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5 Ways to Downsize Your Portions

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Whether you overeat on healthy foods or overeat on junk food, by the time you feel full, you are probably stuffed. If you have problems with portions, you probably do not know when to say when. While growing up, you may have been raised to clean your plate or you may just be used to eating large amounts of food. One of the biggest hurdles is the extreme portion sizes at restaurants. The size of meals keeps getting bigger and bigger, and, in turn, so do people.

Here's how to take control.

1. Recognize Your Bad Habits

A good way to become aware of your hunger level and eating patterns is to start keeping a food journal or a nutrient-intake record. For each meal and snack, write down what time you eat and drink, what it is you are eating and drinking, how much you are eating and drinking, how hungry you are at the time of the meal and snack, and where you are eating your meal.

By doing this you will start to see patterns emerge. You'll start to identify times when you are more likely to have large portions and times when portion control is no problem. After identifying the situations where portion control is out of control, you can be aware and plan ahead to avoid excess consumption.

2. Slow Down

Eating slower at mealtime can help you eat less, since it takes your brain more time than your stomach to realize that you're no longer hungry. A few tips to help you do this:

  • Avoid eating at your desk or in the car.
  • Turn off the TV.
  • Taste your food and enjoy it.
  • Think about your portions, what you are eating, and why you are eating.

Before mealtime, take the time to prepare your meals or take the time to plan to go somewhere with healthy options. If you eat out, take the time to visually portion out how much of that meal you really need to eat.

3. Try Eating a Real Portion Size

Does anyone know what a portion size really is? A deck of cards is the size of one serving protein and a baseball is one serving of rice, pasta or cereal. You can also start to estimate serving sizes by using visual cues that correspond to the amounts below. Then, when you are keeping your food journal or nutrient intake, use the lists to compare and contrast your portion sizes to that of an actual portion size.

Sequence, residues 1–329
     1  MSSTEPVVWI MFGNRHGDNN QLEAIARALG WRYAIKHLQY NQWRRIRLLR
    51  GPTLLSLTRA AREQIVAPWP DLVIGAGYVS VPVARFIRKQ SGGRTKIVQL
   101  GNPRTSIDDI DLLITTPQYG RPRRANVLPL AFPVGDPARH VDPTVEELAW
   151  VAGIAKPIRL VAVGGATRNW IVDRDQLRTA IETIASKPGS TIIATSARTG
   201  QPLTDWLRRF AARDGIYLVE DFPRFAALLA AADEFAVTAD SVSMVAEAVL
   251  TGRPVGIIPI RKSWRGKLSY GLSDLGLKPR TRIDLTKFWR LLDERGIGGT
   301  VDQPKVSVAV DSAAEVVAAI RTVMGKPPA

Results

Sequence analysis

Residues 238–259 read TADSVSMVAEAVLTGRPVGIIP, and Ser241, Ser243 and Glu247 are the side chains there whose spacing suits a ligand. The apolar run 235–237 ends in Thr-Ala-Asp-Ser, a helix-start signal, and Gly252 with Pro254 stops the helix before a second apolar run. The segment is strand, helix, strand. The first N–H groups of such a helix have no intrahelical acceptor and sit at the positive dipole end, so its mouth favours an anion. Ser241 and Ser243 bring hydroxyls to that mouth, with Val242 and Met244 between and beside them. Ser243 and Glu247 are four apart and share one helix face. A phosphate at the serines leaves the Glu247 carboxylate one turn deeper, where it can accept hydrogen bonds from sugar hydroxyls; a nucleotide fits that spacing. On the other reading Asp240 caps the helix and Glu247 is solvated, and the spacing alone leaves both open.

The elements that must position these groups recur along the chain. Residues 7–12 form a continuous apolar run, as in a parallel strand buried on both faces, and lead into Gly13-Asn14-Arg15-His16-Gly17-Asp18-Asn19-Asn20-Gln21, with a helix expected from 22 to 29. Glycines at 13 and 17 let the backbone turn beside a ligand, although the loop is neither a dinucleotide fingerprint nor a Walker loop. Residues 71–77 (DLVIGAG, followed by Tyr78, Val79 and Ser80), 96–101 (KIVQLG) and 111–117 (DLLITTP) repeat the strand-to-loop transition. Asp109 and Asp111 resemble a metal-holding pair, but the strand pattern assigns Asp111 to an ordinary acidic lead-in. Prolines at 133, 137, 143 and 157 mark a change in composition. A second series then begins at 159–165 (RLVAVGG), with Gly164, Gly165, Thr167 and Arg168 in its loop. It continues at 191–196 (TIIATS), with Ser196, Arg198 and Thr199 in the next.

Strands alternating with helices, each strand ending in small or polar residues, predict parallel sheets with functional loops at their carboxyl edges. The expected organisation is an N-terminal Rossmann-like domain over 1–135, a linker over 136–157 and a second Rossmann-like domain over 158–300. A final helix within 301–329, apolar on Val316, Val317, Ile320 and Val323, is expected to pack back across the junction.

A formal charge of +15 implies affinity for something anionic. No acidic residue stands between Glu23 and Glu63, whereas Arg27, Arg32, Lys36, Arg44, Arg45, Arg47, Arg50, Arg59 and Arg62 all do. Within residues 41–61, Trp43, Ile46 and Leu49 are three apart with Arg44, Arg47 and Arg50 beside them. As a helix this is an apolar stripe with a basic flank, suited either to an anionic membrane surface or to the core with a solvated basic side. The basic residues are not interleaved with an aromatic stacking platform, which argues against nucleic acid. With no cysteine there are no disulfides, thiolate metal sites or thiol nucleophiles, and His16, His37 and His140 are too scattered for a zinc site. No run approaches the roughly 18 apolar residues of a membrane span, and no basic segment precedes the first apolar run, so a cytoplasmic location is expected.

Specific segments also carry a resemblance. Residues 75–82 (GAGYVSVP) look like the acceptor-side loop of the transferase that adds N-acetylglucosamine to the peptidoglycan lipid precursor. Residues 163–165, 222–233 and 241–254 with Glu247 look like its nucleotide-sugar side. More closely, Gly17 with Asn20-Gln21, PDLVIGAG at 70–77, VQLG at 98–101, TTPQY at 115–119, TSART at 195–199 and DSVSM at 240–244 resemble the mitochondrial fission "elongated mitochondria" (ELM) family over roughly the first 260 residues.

You will probably find that you are eating two or three times the servings you need if you are trying to lose weight. If you are trying to gain weight, you may find that you simply are not eating enough to get you to where you want to be.

One Serving of Bread, Rice, Cereal, or Pasta is:

  • 1 slice bread
  • 1/2 bagel
  • 1/2 English muffin
  • 1/2 c oatmeal
  • 1 cup of flake cereal
  • 1/4 c Grapenuts
  • 1/4 to1/2 cup potatoes, corn, sweet potatoes, beans
  • 1 7-inch tortilla or 1 4-inch tortilla
  • 1/2 cup cooked rice or pasta

One Serving of Vegetables is:

  • 1/2 cup cooked or raw veggies
  • 1 cup raw leafy veggies
  • 3/4 cup of veggie juice
  • 1 tomato or five cherry or grape tomatoes

One Serving of Fruit is:

  • 1 medium piece of fruit
  • 3/4 cup fruit juice (100%)
  • 1 melon wedge
  • 1/2 cup berries
  • 1/2 cup cooked, canned, or chopped fruit
  • 1/4 cup dried fruit

One Serving of Dairy is:

  • 1 cup milk
  • 1 cup low-fat or non-fat yogurt
  • 1/2 cup cottage cheese (low fat)
  • 1 oz slice of cheese
  • 1/2 cup low-fat ice-cream or frozen yogurt

One Serving of Protein is:

  • 3-4 oz of meat
  • 2-3 thin slices of lunch meat
  • 1/2 chicken breast
  • 1 cup beans
  • 1 egg

One Serving of Fat is:

  • 1 tsp canola, olive or corn oil
  • 1 tbsp of salad dressing
  • 2 tsp of peanut butter
  • 1/8 avocado
  • 5-10 olives
  • 3 tsp nuts

4. Split Your Plate into Thirds

The nutrition recommendations from your meal plan will really help you to get an idea of how much food you should be eating, but starting to get a picture of what your plate should look like will be very helpful. Imagine your plate with three sections:

  1. Half of your plate should be fruits and vegetables
  2. One quarter of your plate should be for protein
  3. One quarter of your plate for your whole grain carbohydrates (whole-wheat pasta, whole-wheat couscous, whole-wheat bread, etc.)

Also, use a smaller plate or bowl. Less surface area to fill = less food to eat.

5. Avoid Portion-Size Landmines

  • Restaurants—Most of the time, just cut your portion in half. Eat half and take the other home.
  • Bread Baskets—Take one roll and send the rest back.
  • Salad Dressing—Always ask for it on the side.
  • Beverages—Go for calorie-free (water or diet).
  • Dessert—Go for fruit or sorbet, share a dessert, or decline.
  • Buffet—These are always tough. Moderation is key here, but still use the same plate principal. Load up on veggies, whole grains, and protein. Have little tastes of your favorite foods.

About The Author

Amanda Carlson-Phillips – Amanda Carlson-Phillips is the vice president of nutrition and research at EXOS. As a registered dietitian, she has provided educational seminars and individual counseling to a variety of professional and elite sports organizations.

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Tags: Weight Loss, Calories, Fat, Food, Protein, Carbohydrate, Nutrients